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85 Manufacturers of plant foaming equipment should be en- B6. Section 5. Binder couraged to develop laboratory foaming equipment that can Grade Selection be used to design foamed asphalt WMA mixtures in the lab- oratory. The laboratory foaming equipment that was used in General Comments NCHRP Project 09-43 was designed for preparing laboratory The same grade of binder should be used with WMA and samples of foamed stabilized bases, not WMA. Although it is HMA. For WMA processes with very low production temper- feasible to design WMA mixtures for plant foaming processes atures it may be necessary to increase the high-temperature using this equipment, devices specifically designed to repli- performance grade of the binder to meet rutting resistance cate the WMA foaming process and produce the smaller requirements. quantities of foamed asphalt used in mix design batches with- out extensive cleaning are needed to make the design process Basis for Critical Content efficient. Performance grading data for binders recovered from sev- eral WMA projects sampled during NCHRP Project 09-43 B5. Section 4. WMA showed only small differences in the grade of the binder for Process Selection WMA and HMA sections. Table 1 summarizes the recovered General Comments binder data from NCHRP Project 09-43. Table 2 presents average differences in the continuous grade between HMA This section lists factors to be considered when selecting a and WMA. Excluding Sasobit, which increases the high- WMA process. temperature grade of the binder, an approximately 50F (28C) reduction in production temperature resulted in less than a 1C decrease in the high-temperature grade, while an Basis for Critical Content approximately 100F (56C) reduction in production temper- There is no critical content in this section. ature resulted in approximately a one-half grade decrease for one low energy asphalt (LEA) project. For the low-temperature grade, again excluding Sasobit, an approximately 50F (28C) Need for Further Research reduction in production temperature resulted in an average There is no need for additional research. improvement in the low-temperature grade of binder of Table 1. Summary of continuous grading of recovered binders. Production Continuous Grade Temperature Project Process Temperature (C) (F) High Intermediate Low Specified NA 58.0 19.0 28.0 Control 280 59.3 14.2 30.6 Colorado I-70 Advera 250 60.0 13.7 31.6 Evotherm 250 61.3 14.1 31.1 Sasobit 250 63.9 15.1 29.9 Specified NA 58.0 16.0 34.0 Yellowstone Control 325 60.0 11.1 34.1 National Park Advera 275 56.3 8.9 36.2 Sasobit 275 60.7 10.1 35.6 New York Specified NA 64.0 22.0 28.0 Route 11 LEA 210 60.5 14.0 31.1 Specified NA 64.0 25.0 22.0 Pennsylvania Control 320 67.7 22.0 24.6 SR2007 Evotherm 250 67.2 22.0 24.9 Specified NA 64.0 25.0 22.0 Control 310 66.6 24.1 22.5 Pennsylvania Advera 250 67.0 22.9 24.1 SR2006 Gencor 250 67.5 21.7 25.7 LEA 210 63.2 21.6 25.4 Sasobit 250 72.9 23.3 22.5 Monroe, North Specified NA 70.0 28.0 22.0 Carolina Astec 275 71.5 23.7 23.9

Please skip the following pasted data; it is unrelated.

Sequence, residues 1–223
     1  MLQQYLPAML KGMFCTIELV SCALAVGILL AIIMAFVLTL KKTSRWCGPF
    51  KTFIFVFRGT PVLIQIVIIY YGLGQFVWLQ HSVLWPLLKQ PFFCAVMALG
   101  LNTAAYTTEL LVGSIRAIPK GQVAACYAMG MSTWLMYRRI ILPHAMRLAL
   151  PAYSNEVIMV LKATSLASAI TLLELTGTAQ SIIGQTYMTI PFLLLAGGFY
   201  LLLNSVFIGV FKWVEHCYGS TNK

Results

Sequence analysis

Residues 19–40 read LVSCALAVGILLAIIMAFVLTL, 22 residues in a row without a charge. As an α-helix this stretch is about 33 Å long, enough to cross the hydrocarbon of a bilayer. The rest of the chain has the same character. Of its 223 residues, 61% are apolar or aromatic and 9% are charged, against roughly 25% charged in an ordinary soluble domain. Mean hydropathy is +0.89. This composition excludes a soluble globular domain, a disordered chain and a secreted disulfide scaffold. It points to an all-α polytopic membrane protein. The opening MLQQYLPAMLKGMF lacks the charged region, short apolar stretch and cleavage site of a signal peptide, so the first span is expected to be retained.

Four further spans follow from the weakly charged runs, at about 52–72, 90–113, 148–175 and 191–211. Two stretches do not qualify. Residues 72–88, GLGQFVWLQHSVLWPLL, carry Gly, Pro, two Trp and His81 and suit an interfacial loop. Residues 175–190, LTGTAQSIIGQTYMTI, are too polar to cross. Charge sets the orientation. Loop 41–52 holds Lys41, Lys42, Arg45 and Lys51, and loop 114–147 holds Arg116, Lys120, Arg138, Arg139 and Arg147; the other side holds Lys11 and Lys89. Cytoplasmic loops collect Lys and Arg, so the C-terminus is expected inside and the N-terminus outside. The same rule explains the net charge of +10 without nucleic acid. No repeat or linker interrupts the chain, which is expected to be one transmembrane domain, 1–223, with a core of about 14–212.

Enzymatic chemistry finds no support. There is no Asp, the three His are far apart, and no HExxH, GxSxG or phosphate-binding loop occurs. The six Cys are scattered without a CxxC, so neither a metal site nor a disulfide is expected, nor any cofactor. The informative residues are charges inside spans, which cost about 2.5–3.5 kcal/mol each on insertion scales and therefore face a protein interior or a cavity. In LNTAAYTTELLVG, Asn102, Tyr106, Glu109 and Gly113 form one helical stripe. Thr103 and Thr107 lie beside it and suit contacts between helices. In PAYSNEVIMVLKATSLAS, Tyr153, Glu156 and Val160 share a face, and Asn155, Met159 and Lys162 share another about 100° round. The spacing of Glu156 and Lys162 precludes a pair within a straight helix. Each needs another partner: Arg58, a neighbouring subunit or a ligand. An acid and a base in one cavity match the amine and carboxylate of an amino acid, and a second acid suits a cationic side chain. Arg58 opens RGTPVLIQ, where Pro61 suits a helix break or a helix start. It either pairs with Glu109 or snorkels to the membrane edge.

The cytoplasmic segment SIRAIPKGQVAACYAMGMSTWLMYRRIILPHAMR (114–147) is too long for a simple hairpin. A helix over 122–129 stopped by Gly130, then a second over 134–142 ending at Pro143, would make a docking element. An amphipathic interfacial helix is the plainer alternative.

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86 Table 2. Summary of average difference in continuous grade temperatures for WMA compared to HMA. Average Average Difference in Continuous Grade Difference in Temperature Process Number Production (C) Temperature High Intermediate Low (F) Advera 3 46.7 0.9 1.3 1.6 Evotherm 2 50.0 0.8 0.0 0.4 LEA 1 100.0 3.4 2.5 2.9 Plant Foaming 1 60.0 0.9 2.4 3.2 Sasobit 3 46.7 3.9 0.3 0.3 1.5C, while an approximately 100F (56C) reduction in Basis for Critical Content production temperature resulted in 2.9C improvement for one LEA project. NCHRP Project 09-43 included a laboratory mixing study where the WMA and HMA mixtures incorporating RAP were prepared in the laboratory and stored for various Need for Further Research lengths of time at the compaction temperature. The degree Additional recovered binder grade data should be collected of mixing of the RAP and new binders was evaluated by com- and analyzed to verify the conclusion from NCHRP Project paring dynamic moduli measured on mixture samples with 09-43 that binder grade changes are not necessary for WMA. the dynamic moduli estimated using the properties of the binder recovered from the mixture samples. The dynamic modulus test is very sensitive to the stiffness of the binder in B7. Section 6. RAP in WMA the mixture, and adding RAP will increase the dynamic General Comments modulus significantly when the RAP is properly mixed with the new materials. The measured dynamic modulus values Research completed in NCHRP Project 09-43 found that represent the as-mixed condition. The dynamic modulus for recycled asphalt pavement (RAP) binders and new binders do the fully blended condition was estimated using the Hirsch mix at WMA process temperatures. Therefore, it is appropriate model from the shear modulus of binder recovered from the to design WMA mixtures containing RAP in the same man- dynamic modulus specimens. If the measured and estimated ner as HMA, accounting for the contribution of the RAP dynamic moduli are the same, there is good mixing of the binder to the total binder content of the mixture. From the RAP and new binders. research completed in NCHRP Project 09-43, the RAP and The findings of the laboratory mixing experiment are new binders continue to mix while the mix is held at elevated shown in Figure 1. At conditioning times of 0.5 and 1.0 h, temperature. To ensure that adequate mixing of RAP and new there is little blending of the new and recycled binders. For binders does occur, a limit is placed on the maximum stiffness all processes and temperatures, the ratio of the measured to of RAP binders for WMA. That limit is based on the planned field compaction temperature of the mixture since this tem- estimated fully blended moduli range from about 0.35 to perature will govern the temperature of the mix during stor- 0.55. At the 2-h conditioning time, the ratio of the measured age and transport. The limit is the RAP binder should have a to estimated fully blended moduli reach values approaching high-temperature grade that is less than the planned field 1.0 for the Control HMA, Advera WMA, and Sasobit WMA. compaction temperature for the WMA. RAP binders typi- The effect of temperature is also evident for these processes, cally range from PG 82 to PG 94 resulting in corresponding with the higher conditioning temperature resulting in minimum field compaction temperatures ranging from somewhat improved blending. The ratio of the measured to 180F to 200F (82C to 94C). estimated fully blended moduli for the Evotherm WMA Binders from WMA mixtures have improved low- remained low even at the 2-h conditioning time. This sug- temperature properties due to the lower amount of aging that gests that either the particular form of Evotherm used in this occurs during production. Although the improvement in low- study retards the mixing of the new and recycled binders or temperature properties is not large enough to warrant changing that the extraction and recovery process stiffens the Evotherm the low-temperature grade, it is large enough to affect the modified binder. amount of RAP that can be added to a mixture when blending Further evidence of the mixing of new and RAP binders at chart analyses are used. WMA process temperatures was obtained from a mixture